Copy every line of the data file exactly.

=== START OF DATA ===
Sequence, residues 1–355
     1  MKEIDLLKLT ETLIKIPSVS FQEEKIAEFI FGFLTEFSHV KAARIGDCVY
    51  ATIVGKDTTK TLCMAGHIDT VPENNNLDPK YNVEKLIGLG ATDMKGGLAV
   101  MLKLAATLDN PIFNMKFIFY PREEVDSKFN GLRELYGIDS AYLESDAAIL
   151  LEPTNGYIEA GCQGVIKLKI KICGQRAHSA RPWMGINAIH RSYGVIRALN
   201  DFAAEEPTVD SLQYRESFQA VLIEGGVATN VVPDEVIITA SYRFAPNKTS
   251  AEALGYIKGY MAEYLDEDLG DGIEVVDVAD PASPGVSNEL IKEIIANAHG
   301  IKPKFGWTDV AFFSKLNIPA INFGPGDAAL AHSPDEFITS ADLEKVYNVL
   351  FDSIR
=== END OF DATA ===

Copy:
Sequence, residues 1–355
     1  MKEIDLLKLT ETLIKIPSVS FQEEKIAEFI FGFLTEFSHV KAARIGDCVY
    51  ATIVGKDTTK TLCMAGHIDT VPENNNLDPK YNVEKLIGLG ATDMKGGLAV
   101  MLKLAATLDN PIFNMKFIFY PREEVDSKFN GLRELYGIDS AYLESDAAIL
   151  LEPTNGYIEA GCQGVIKLKI KICGQRAHSA RPWMGINAIH RSYGVIRALN
   201  DFAAEEPTVD SLQYRESFQA VLIEGGVATN VVPDEVIITA SYRFAPNKTS
   251  AEALGYIKGY MAEYLDEDLG DGIEVVDVAD PASPGVSNEL IKEIIANAHG
   301  IKPKFGWTDV AFFSKLNIPA INFGPGDAAL AHSPDEFITS ADLEKVYNVL
   351  FDSIR